Rent Shop Volunteer Join

Q. Who is Mr. Smarty Plants?

A: There are those who suspect Wildflower Center volunteers are the culpable and capable culprits. Yet, others think staff members play some, albeit small, role. You can torture us with your plant questions, but we will never reveal the Green Guru's secret identity.

Help us grow by giving to the Plant Database Fund or by becoming a member

Did you know you can access the Native Plant Information Network with your web-enabled smartphone?

Share

Ask Mr. Smarty Plants

Ask Mr. Smarty Plants is a free service provided by the staff and volunteers at the Lady Bird Johnson Wildflower Center.

Search Smarty Plants
See a list of all Smarty Plants questions

Please forgive us, but Mr. Smarty Plants has been overwhelmed by a flood of mail and must take a break for awhile to catch up. We hope to be accepting new questions again soon. Thank you!

Need help with plant identification, visit the plant identification page.

 
rate this answer
Not Yet Rated

Tuesday - July 28, 2009

From: Kirtland, OH
Region: Mid-Atlantic
Topic: Invasive Plants
Title: More information on coltsfoot in Rindge NH
Answered by: Barbara Medford

QUESTION:

I wanted to give input regarding the query from Barbara Medford about: Coltsfoot invasive in Rindge NH Tuesday - July 21, 2009. I think it likely that the coltsfoot she described is Tussilago farfara. It is very prolific on disturbed sites in Ohio. Charles Tubesing The Holden Arboretum

ANSWER:

Thank you for your input. The query wasn't from me, the answer was written by me. Since the Lady Bird Johnson Wildflower Center deals exclusively in plants native not only to North America but the the area in which they are being grown, when we find a common name in our Native Plant Database, we ordinarily don't search any further for identification; thus, our answer concerning several plants native to New Hampshire, all referred to as "coltsfoot."  Since your comment, we have done some more research, finding that Tussilago farfara is another plant that spreads by rhizomes, making it very similar in difficulty to eradicate to the native coltsfoots. This website from Invasive.org on Tussilago farfara has pictures and more information. The plant is not in our Native Plant Database because its origin was in Europe, and was probably brought to the Colonies by early settlers because it was considered a cough medication. While the origin of the plant is not the same, it would seem the advice given about eradicating it is. The wide use of common names, often several for the same plant, or several different plants with the same common name, is a constant problem for us.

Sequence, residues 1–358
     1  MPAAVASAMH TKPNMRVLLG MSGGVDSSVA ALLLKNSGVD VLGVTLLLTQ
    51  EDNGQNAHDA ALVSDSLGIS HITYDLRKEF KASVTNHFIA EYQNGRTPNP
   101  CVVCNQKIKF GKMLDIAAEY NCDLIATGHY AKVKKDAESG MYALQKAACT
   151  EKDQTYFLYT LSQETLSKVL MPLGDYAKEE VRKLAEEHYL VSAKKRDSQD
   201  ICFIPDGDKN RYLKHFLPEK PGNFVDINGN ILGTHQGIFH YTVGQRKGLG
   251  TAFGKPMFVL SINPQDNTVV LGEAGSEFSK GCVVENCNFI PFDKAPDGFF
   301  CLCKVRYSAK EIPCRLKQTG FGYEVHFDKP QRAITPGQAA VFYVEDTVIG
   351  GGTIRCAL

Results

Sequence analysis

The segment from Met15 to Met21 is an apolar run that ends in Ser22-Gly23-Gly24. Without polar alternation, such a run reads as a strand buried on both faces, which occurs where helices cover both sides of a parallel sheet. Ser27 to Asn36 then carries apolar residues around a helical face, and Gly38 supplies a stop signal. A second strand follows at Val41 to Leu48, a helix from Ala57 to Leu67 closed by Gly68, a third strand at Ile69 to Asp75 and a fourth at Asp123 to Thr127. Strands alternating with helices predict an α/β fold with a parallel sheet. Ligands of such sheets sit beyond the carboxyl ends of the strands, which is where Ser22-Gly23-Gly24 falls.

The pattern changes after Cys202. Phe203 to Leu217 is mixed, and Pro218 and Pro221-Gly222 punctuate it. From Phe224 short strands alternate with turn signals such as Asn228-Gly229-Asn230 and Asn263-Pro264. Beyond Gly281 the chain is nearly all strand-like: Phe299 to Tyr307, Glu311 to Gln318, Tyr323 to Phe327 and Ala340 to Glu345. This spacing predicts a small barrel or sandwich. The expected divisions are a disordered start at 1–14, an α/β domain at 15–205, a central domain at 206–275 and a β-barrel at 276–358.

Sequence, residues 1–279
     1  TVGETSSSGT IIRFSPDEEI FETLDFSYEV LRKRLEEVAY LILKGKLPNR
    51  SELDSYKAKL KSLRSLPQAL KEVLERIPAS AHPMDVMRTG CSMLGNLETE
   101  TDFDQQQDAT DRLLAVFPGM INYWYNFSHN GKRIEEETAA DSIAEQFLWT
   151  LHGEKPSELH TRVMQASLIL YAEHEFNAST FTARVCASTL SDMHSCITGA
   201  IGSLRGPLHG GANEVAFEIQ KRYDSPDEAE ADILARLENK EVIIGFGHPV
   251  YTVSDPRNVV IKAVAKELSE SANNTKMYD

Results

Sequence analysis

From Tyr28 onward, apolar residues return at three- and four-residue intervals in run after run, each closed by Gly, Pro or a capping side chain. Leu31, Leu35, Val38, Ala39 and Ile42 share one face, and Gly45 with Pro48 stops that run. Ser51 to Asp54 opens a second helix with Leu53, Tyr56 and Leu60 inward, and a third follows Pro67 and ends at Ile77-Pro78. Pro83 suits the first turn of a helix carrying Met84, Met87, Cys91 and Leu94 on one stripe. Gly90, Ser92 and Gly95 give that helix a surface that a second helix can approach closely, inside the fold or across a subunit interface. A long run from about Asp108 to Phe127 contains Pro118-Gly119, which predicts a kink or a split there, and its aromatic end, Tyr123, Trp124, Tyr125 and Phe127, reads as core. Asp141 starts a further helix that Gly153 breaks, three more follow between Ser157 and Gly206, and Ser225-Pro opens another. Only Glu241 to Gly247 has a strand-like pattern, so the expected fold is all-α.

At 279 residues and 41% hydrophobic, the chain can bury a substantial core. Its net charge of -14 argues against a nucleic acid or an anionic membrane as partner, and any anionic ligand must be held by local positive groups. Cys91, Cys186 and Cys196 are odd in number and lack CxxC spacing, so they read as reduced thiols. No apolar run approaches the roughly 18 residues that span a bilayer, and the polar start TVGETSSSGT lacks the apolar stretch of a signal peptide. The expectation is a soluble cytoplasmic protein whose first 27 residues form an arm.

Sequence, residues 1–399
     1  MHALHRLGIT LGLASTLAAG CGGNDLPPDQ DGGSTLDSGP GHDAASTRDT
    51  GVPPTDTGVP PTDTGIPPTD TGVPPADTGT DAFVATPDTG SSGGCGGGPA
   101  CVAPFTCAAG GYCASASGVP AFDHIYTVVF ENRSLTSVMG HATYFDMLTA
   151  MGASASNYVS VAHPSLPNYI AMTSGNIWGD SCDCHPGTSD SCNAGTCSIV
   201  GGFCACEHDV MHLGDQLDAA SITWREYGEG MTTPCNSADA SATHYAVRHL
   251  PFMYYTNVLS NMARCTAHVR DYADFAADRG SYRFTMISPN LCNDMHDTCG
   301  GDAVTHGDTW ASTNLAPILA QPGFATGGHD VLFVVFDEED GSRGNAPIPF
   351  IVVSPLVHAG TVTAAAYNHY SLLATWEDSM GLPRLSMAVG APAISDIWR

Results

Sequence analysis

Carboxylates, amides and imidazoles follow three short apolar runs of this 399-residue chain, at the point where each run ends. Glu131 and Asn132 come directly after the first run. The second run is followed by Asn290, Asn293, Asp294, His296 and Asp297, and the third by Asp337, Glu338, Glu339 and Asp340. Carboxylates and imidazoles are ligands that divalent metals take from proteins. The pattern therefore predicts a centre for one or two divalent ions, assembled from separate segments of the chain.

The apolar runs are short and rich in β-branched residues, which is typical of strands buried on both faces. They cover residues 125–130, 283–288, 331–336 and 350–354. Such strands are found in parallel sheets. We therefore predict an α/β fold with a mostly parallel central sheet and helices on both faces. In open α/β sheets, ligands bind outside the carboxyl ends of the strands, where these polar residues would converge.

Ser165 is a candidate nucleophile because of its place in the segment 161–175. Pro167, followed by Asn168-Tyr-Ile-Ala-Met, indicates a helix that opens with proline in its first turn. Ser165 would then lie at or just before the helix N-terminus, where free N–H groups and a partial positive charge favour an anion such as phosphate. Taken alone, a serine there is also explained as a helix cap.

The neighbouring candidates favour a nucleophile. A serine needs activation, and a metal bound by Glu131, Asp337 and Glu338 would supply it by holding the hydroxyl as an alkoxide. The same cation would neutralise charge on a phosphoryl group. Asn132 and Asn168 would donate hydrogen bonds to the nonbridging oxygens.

For anyone interested in the information in the Previous answer, here it is.

 

 

More Invasive Plants Questions

Orange trumpet creeper parasitic to oaks in New York City?
December 17, 2010 - Is the Orange Trumpet Creeper a parasite to oak trees? My concern is that a neighbor with a tall oak has a vine growing up it and I wonder if it could damage or weaken the tree?
view the full question and answer

Pruning drought-stressed butterfly plants from Kerrville TX
August 22, 2011 - Due to the drought, our butterfly bushes have dead branches. Ordinarily we prune the dormant plants in winter, but can we cut back dead branches now?
view the full question and answer

Eradicating trumpet vine runners in Austin
April 29, 2012 - How do I eradicate trumpet vine runners from my lawn? Will it kill my pecan tree?
view the full question and answer

Removal of Invasive Mint
April 23, 2011 - The herb Mint is taking over my flower garden. How can I kill this out? Thank you,
view the full question and answer

Plants for under pine trees in Colorado Springs CO
April 23, 2011 - What can I plant under pine trees in Colorado that will grow every year? Would like ground cover; tried bishop weed.
view the full question and answer

Support the Wildflower Center by Donating Online or Becoming a Member today.